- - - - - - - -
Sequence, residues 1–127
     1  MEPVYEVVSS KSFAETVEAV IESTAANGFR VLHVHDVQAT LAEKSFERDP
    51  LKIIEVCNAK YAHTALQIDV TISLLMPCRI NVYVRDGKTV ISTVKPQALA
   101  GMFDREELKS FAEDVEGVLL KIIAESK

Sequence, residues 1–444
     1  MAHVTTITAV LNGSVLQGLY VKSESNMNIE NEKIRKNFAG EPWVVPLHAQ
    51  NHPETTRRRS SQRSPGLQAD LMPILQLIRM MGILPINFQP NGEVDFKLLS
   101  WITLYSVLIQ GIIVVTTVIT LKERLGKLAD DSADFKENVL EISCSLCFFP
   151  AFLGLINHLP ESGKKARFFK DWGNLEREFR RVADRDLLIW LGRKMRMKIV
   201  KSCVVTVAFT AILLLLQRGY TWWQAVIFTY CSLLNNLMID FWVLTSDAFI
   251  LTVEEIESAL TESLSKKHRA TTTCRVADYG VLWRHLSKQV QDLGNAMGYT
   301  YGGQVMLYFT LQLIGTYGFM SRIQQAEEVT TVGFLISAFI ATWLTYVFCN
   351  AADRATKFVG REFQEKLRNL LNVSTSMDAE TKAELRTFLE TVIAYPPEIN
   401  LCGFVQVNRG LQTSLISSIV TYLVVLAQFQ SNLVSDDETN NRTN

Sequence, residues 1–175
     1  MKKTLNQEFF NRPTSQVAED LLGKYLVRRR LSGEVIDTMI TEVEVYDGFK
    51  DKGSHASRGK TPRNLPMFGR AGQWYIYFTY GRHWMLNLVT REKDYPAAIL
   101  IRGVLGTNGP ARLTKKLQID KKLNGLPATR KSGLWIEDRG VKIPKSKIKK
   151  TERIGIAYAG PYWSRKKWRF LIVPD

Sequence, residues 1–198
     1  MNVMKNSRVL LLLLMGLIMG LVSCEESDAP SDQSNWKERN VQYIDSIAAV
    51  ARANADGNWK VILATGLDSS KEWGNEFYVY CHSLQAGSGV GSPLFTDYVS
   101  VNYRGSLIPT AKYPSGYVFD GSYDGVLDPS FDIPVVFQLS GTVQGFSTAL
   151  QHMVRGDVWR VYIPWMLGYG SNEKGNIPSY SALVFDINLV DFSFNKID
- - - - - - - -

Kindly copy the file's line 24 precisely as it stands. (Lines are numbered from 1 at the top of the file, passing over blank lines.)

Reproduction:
   151  QHMVRGDVWR VYIPWMLGYG SNEKGNIPSY SALVFDINLV DFSFNKID